# Paritial derivative.

• yungman

## Homework Statement

Verify if ##t=\lambda x## then ##x^2\frac{\partial^2 y}{\partial x^2} = t^2\frac{\partial^2 y}{\partial t^2}##

## The Attempt at a Solution

$$t=\lambda x\;\Rightarrow\; \frac{\partial t}{\partial x}=\lambda$$
$$\frac{\partial y}{\partial x} = \frac{\partial y}{\partial t}\frac{\partial t}{\partial x}= \lambda\;\frac{\partial y}{\partial t}$$
$$\frac{\partial^2 y}{\partial x^2}=\lambda \frac{\partial^2 y}{\partial t^2} \frac{\partial t}{\partial x}=\lambda^2\frac{\partial^2 y}{\partial t^2}$$

$$x^2\frac{\partial^2 y}{\partial x^2}=\frac{t^2}{\lambda^2}\lambda^2\frac{\partial^2 y}{\partial t^2}\;\Rightarrow\;x^2\frac{\partial^2 y}{\partial x^2} = t^2\frac{\partial^2 y}{\partial t^2}$$

Am I correct?

Thanks

Yes, with just a minor quibble:
"t" is only dependent on "x", and not in addition dependent on other variables.
Thus, you should use dt/dx, rather than the symbol for the partial derivative here.

Your differential equation has dependent variable "y" so it makes no sense to ask if "$t= \lambda x$" satisfies the equation.

I suspect you are asked to show that $f(t-\lambda x)$ satisfies the equation for f any twice differentiable function of a single variable.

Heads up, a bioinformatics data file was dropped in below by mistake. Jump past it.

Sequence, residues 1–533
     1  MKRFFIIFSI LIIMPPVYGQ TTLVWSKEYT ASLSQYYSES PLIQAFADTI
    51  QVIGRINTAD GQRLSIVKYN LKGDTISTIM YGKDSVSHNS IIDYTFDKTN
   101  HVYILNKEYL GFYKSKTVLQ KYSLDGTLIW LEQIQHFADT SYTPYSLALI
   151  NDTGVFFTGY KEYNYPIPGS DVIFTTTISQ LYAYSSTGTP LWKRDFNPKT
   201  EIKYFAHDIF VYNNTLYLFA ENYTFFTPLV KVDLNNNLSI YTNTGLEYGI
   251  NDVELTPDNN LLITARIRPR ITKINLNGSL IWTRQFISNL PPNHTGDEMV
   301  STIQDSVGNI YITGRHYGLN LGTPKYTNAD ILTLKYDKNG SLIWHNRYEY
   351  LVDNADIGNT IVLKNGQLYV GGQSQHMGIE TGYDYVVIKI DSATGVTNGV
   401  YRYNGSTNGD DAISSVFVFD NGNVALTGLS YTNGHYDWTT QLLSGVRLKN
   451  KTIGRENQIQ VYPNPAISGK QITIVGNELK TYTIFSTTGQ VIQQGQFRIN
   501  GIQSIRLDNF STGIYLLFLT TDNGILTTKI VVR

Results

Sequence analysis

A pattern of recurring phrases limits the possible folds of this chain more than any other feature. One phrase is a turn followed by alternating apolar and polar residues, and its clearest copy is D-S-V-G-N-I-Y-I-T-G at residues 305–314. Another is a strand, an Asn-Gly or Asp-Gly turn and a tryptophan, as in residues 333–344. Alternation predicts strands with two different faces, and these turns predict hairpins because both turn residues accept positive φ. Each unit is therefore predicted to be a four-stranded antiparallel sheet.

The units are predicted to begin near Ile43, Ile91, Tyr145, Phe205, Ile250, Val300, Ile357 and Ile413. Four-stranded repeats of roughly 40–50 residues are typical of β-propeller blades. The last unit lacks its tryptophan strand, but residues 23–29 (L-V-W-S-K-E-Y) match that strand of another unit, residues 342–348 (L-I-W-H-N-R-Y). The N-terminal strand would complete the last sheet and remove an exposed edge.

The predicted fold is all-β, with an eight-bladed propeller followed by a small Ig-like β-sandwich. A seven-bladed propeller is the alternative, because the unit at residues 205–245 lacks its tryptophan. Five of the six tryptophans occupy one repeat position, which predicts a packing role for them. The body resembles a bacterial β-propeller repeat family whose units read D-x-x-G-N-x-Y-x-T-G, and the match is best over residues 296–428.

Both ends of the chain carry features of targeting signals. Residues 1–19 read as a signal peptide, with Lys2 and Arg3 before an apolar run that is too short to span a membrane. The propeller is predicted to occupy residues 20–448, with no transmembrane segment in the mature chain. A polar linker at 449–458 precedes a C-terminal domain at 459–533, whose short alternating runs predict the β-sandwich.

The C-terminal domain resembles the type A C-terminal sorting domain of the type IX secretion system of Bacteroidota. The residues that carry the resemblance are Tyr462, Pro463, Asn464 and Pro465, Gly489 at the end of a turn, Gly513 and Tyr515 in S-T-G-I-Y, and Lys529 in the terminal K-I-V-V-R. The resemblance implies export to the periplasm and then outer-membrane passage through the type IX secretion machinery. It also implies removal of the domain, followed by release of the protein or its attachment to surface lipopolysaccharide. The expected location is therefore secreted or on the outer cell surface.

I don't agree HallsofIvy. Here, it is about how a simple linear scaling will affect the shape of a particular derivative from the "unscaled" x as independent variable, to its shape in its "scaled" variable "t". That is, we are dealing with the correct IDENTITY, not an equation! It is not about an "equation" as such, but meant as an intermediate step in transforming an equation from the "x"-formulation to its logically equivalent "t"-formulation.

TECHNICALLY, we are looking at the relation between the shapes of the derivatives of functions y and Y, respectively, fulfilling the relation
y(x,...)=Y(t(x),...)

making an abuse of notation with replacing "Y" with "y" everywhere.

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Thanks everyone. I meant exactly what I asked, it's only about the steps to perform the differential equation.